2. Yeagermeister

    Yeagermeister Active Member

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    RIP Scotty.....he was my favorite character on the show.
  3. BrAinPaiNt

    BrAinPaiNt °¤~Cold Eternal~¤° Staff Member

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    RIP James "Scotty" Doohan.
  4. blindzebra

    blindzebra Well-Known Member

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    He came to speak at my college.

    Talked about getting his finger shot off in WWII.

    Gave a lot of inside dirt on his castmates.

    Had a side hurting blooper reel from the show. The doors did not slide on their own, they were pulled open from off-camera and if the guys working the doors missed their cue...splat.

    Then we watched the Tribble's episode.

    What seemed to happen in every show:

    Scotty saying, "Can't do'er Captain, she ain't got the power."

    And, "I don't know how much longer I can hold'er together at warp speed."

    The guy in red on the landing party always had one line, "Captain come over here ahhhhhhhhhhh!"

    To be followed by Bones saying, "He's dead Jim."

    Kirk had sex with an alien.

    Spock saying how everything is illogical, but never including how the Captain and the next 3 highest ranking officers were always beaming down into harm's way.:D
  5. DallasEast

    DallasEast Cowboys 24/7/365 Zone Supporter

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    I just heard.

    Gene Roddenberry...

    Mark Lenard...

    DeForest Kelley...

    Now, James Doohan...

    One by one, they're leaving. Sure, it was a campy show, but it was inspiring and socially conscious in its own way. I'm not ashamed to say that I loved the show and the characters which the actors played.

    It's a sad day for Trek fans... with sadder days to come.

    Unfortunately, time's a b---h.

    Rest in peace, chief engineer.

    < EDIT >

    Can't end it with just that. It needs something appropriate enough for this actor...

    link

    That's better.
  6. DLK150

    DLK150 The Quiet Man

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    I've always loved it. My one sister and her boyfriend/future 1st husband got me watching it. Remember when Kirk and Uhura kissed? They had a hard time getting that one past the censors, but they did by saying they weren't kissing because they were emotionally involved, but rather not in control of themselves. Still a landmark event. A rare thing happened after it was canceled too. The actors and actresses never seemed to mind being forever associated with it.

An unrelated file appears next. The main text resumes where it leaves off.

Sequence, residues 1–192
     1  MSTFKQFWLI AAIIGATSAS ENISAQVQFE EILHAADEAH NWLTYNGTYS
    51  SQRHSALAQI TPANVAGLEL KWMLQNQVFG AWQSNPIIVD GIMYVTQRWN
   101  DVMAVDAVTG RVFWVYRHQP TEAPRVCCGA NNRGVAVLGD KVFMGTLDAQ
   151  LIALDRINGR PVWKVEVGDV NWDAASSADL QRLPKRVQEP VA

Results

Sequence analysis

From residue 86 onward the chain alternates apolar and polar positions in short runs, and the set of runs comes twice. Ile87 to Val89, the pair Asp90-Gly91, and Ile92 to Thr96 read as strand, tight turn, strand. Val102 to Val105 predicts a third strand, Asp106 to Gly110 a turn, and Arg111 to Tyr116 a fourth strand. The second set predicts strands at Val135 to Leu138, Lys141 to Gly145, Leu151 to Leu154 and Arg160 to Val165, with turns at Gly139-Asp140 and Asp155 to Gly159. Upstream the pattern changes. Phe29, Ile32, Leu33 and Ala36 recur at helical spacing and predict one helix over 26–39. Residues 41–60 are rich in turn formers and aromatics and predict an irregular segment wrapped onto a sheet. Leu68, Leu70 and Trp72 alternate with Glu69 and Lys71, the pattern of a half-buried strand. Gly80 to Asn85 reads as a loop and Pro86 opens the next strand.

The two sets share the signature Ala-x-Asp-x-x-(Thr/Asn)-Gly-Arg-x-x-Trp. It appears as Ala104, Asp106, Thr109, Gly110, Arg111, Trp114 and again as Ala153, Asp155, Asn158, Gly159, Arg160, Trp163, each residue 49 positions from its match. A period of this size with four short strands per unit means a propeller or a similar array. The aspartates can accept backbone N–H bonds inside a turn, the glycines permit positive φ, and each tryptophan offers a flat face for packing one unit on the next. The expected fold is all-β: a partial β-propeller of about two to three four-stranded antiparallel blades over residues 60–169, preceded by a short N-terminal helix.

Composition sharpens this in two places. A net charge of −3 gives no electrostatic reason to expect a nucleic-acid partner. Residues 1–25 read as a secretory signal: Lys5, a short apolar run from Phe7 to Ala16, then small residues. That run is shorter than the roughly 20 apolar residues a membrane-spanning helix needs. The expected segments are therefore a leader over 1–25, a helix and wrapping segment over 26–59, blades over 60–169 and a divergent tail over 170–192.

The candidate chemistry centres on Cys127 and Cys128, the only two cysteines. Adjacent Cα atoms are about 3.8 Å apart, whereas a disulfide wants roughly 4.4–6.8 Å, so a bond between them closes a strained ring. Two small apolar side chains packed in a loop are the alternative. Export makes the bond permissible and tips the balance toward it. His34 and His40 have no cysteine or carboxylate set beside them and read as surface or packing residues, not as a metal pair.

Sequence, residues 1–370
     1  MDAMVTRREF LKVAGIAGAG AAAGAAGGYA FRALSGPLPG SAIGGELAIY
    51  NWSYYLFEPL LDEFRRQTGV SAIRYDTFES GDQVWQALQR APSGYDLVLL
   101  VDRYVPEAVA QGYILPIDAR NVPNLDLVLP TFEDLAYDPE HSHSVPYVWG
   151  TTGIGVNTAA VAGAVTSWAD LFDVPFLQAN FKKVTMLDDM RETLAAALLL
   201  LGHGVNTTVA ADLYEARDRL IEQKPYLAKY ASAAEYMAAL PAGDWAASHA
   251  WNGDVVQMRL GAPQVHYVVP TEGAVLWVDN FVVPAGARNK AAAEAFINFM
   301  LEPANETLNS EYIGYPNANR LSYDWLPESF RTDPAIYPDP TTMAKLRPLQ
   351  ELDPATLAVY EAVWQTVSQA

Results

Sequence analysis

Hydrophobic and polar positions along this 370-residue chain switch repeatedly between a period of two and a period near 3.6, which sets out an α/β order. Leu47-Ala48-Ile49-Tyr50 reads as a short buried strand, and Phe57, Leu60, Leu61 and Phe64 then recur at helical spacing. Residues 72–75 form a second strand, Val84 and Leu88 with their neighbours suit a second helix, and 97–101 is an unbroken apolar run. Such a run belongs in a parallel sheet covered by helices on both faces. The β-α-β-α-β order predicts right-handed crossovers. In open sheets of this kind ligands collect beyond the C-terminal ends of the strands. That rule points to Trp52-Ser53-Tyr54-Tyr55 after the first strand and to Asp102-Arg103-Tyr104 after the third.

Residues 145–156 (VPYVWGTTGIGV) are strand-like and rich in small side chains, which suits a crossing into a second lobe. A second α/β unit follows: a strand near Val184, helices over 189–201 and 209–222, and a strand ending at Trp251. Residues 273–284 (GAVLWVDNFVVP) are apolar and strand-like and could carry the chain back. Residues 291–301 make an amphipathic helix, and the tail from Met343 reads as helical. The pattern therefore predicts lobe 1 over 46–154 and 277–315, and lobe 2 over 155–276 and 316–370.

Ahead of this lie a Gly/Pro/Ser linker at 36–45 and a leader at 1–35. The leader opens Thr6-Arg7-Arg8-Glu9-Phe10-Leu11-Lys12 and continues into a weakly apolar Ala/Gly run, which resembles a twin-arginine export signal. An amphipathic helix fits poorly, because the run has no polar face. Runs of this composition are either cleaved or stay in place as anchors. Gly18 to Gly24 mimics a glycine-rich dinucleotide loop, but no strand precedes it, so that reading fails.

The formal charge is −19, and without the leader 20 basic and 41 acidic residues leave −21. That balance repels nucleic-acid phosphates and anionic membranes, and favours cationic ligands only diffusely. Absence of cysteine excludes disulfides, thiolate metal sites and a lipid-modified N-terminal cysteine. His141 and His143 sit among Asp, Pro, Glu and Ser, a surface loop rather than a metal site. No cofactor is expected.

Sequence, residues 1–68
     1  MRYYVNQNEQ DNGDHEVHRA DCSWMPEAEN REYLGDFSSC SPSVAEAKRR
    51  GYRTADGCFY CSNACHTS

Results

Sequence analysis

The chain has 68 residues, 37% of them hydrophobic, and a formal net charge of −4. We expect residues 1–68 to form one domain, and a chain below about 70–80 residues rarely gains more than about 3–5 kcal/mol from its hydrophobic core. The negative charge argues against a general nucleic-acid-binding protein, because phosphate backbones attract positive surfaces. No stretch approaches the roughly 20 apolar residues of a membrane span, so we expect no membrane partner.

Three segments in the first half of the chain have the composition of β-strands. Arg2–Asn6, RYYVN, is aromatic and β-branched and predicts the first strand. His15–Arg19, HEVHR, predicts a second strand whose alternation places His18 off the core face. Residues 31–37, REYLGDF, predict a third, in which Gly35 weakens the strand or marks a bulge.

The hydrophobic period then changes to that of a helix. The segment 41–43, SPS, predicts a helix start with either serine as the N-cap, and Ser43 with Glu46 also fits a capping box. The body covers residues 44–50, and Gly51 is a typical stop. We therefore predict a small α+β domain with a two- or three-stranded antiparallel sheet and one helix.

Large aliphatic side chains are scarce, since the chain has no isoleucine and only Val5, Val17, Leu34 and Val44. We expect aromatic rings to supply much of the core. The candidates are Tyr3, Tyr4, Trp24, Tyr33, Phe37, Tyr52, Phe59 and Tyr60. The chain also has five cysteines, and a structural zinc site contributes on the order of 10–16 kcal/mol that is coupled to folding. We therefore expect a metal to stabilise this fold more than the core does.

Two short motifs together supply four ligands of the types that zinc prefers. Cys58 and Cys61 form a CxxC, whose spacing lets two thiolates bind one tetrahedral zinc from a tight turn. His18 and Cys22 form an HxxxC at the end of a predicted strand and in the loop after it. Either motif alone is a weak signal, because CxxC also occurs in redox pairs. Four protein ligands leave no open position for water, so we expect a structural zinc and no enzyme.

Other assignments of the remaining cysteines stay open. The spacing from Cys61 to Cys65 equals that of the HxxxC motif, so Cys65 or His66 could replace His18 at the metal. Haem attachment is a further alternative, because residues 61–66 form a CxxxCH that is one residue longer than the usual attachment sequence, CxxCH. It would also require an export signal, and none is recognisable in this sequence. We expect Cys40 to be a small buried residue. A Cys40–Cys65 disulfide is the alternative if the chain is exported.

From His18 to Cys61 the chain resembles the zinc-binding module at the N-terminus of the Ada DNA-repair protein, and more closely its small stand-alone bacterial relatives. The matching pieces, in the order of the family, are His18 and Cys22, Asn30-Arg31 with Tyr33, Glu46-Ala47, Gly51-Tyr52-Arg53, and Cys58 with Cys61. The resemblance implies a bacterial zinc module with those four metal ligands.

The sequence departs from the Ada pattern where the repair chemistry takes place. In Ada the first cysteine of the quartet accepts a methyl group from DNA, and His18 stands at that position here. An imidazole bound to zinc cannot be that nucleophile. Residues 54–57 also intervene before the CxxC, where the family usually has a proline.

BZ, the Trouble With Tribbles was one of the best along with the Changeling.

    RIP Scotty.
  7. WoodysGirl

    WoodysGirl Do it for the Vine! Staff Member

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    July 21, 2005, 9:43AM

    Houston firm to send 'Scotty's' ashes into space

    Associated Press

    LOS ANGELES — He made his name in Hollywood beaming his colleagues back to the safety of the Enterprise on Star Trek. Now, actor James Doohan's family is hoping to beam him up to the "final frontier" that Doohan's character "Scotty" loved so dearly.

    The actor, who died Wednesday at age 85, had told relatives he wanted his ashes blasted into outer space, as was done for Star Trek creator Gene Roddenberry.

    "He'll be there with his buddy, which is wonderful," said Doohan's agent and longtime friend, Steve Stevens.

    Doohan died at his home in Redmond, Wash., with his wife of 31 years, Wende, at his side. He had retired from public events last year, not long after announcing he had Alzheimer's disease.

    Houston-based Space Services Inc., which specializes in space memorials, plans to send a few grams of Doohan's ashes aboard a rocket later this year. Remains are sealed in an aluminum capsule that stays in orbit up to several hundred years before falling and vaporizing in the Earth's atmosphere, the company has said.

    It should be a fitting finale for an actor who, as the Starship Enterprise's frazzled chief engineer saved the Enterprise almost every week from blowing up, burning up or being overrun by renegade aliens when the warp drive, the phasers, the shields, the power cells or some other futuristic collection of doohickies failed.

    As the man who commanded the Enterprise's particle beam transporter, Doohan's character also inspired the phrase, "Beam me up, Scotty." Capt. Kirk and other members of the Enterprise crew never really issued the order quite that way, however, until the fourth Star Trek film when Kirk said, "Scotty, beam me up."

    ———

    http://www.chron.com/cs/CDA/ssistory.mpl/front/3276091
  8. Payton34Smith22

    Payton34Smith22 Active Member

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    Not a big trek fan, but I have watched a few episodes.

    He had Alzheimers the last few years, didn't he? I remember reading something about his health was declining.

    He's immortalized on film now....Like so many before him.

    R.I.P Scotty + :(

    [IMG]